On Fri, 2003-08-01 at 15:57, Hancock, David (DHANCOCK) wrote:
> Several times a week on our production systems, we're seeing our
> WebKit processes (normally entitled "python Launch.py
> ThreadedAppServer") lose their command lines in the output from ps.
> They're also well wedged, and the processes need to be killed by hand
> to clear this situation. Has anybody else seen this and have some
> ideas to help us troubleshoot? For now, we're detecting the situation
> with automated monitoring (and process-killing and webkit-restarting),
> but we'd sure like to know how we can prevent it, not just work around
It looks like you haven't had a response to this. That's too bad, but
it's probably because it's a hard problem.
I don't know of any way to deal with this, really. Stuck threads are
stuck. After a brief look, I do see a patch to kill threads in Python:
It would be nice to have that ability, even if it wasn't portable. I
suspect that this may not solve this problem, however, as throwing a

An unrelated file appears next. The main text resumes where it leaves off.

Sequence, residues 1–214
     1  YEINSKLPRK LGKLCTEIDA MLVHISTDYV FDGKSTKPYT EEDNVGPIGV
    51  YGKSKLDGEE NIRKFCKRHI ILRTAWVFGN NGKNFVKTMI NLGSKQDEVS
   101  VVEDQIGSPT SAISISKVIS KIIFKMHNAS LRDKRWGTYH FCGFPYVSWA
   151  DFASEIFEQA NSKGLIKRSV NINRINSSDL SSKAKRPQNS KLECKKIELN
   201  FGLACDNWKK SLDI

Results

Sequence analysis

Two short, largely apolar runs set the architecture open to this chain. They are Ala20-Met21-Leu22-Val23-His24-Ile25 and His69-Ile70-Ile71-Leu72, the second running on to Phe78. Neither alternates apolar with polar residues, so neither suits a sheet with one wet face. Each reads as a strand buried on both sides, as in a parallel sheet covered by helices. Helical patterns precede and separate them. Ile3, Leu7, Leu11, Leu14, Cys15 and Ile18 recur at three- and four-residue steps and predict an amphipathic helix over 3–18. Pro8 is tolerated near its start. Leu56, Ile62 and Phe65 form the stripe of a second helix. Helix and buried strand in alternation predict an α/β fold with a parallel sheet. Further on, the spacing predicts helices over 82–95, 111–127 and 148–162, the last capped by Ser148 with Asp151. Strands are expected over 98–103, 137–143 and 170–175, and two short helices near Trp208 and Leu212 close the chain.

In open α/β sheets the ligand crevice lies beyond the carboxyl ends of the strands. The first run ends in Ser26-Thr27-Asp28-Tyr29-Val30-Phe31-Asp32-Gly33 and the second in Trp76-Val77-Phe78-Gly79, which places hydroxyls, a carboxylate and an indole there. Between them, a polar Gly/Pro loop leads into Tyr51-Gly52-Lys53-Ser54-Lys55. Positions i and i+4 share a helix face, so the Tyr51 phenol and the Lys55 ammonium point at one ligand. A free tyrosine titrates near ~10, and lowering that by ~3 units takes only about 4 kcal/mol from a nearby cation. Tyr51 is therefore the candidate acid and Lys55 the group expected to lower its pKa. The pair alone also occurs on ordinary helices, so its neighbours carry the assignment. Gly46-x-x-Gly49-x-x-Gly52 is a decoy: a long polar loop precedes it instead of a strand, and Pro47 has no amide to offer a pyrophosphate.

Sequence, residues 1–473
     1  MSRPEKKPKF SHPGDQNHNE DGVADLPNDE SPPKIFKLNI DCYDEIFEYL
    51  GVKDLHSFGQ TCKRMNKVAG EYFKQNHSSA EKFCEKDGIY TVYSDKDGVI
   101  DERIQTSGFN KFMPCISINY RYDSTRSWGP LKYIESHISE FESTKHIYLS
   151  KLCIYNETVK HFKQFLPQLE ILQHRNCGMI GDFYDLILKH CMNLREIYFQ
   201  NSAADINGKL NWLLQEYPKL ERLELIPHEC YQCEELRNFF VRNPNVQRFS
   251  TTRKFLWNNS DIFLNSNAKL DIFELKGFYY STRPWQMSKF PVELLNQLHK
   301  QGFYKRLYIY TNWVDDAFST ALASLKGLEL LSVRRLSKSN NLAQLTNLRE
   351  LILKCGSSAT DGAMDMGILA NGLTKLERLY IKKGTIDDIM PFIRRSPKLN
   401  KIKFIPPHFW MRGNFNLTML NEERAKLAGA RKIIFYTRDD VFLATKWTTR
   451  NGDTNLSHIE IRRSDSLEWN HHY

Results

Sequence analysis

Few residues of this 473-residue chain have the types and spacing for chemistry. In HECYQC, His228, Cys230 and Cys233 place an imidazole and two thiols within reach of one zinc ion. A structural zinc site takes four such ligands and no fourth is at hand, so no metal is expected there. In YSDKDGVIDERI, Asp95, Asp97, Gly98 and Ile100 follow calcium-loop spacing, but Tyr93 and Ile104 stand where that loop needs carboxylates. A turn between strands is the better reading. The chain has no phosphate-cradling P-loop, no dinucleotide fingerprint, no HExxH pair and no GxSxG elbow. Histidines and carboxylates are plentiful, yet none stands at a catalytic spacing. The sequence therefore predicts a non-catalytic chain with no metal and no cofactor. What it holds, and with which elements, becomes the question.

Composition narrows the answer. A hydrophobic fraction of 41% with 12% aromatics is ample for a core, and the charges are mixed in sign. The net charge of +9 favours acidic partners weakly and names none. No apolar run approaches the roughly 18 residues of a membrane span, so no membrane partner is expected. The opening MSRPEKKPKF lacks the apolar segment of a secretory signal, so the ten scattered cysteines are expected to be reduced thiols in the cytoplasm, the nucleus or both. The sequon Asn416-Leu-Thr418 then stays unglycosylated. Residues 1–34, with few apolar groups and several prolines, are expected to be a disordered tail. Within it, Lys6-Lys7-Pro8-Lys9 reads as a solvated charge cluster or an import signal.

SystemExit exception in the wedged thread may not do any good -- it may
only kill functional threads... probably the wedged threads are actually
stuck outside of the interpreter, in a C module. But I don't really
know, and it's hard to figure out since in any case something erroneous
is going on, and funny errors are hard to reproduce and test. Not that
I've tested any of it at all...
I wonder if it would be good enough if Webware detected wedged threads,
and increased the number of threads to make up for it. Eventually it
would be nice to kill them (kill -9 probably required), but it would
only be to retrieve the resources, not to keep the AppServer alive.
> Python 2.2
> Webware 0.8
> RedHat Linux 7.3
> A couple C extensions: DCOracle2 and pymqi (interface to
> IBM's MQSeries)
I would expect that these C extensions would be the source of the
problem. They always seem to be. Sometimes I wonder if multiple
processes really are the way to go. They are much easier to manage...
well, maybe not easier, but rather possible.